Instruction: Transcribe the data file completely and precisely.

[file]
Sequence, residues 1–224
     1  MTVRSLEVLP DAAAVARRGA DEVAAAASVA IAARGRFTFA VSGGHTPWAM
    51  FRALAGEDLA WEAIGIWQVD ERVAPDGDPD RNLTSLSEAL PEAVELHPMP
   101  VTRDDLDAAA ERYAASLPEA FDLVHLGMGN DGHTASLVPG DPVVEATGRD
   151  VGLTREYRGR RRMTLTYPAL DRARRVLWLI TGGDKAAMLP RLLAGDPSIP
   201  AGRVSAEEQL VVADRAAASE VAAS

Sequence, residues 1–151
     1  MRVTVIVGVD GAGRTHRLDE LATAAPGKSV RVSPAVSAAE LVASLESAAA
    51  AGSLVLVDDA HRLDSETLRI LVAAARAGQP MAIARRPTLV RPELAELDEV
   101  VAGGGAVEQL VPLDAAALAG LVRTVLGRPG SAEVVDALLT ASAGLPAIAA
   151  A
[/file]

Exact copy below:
Sequence, residues 1–224
     1  MTVRSLEVLP DAAAVARRGA DEVAAAASVA IAARGRFTFA VSGGHTPWAM
    51  FRALAGEDLA WEAIGIWQVD ERVAPDGDPD RNLTSLSEAL PEAVELHPMP
   101  VTRDDLDAAA ERYAASLPEA FDLVHLGMGN DGHTASLVPG DPVVEATGRD
   151  VGLTREYRGR RRMTLTYPAL DRARRVLWLI TGGDKAAMLP RLLAGDPSIP
   201  AGRVSAEEQL VVADRAAASE VAAS

Sequence, residues 1–151
     1  MRVTVIVGVD GAGRTHRLDE LATAAPGKSV RVSPAVSAAE LVASLESAAA
    51  AGSLVLVDDA HRLDSETLRI LVAAARAGQP MAIARRPTLV RPELAELDEV
   101  VAGGGAVEQL VPLDAAALAG LVRTVLGRPG SAEVVDALLT ASAGLPAIAA
   151  A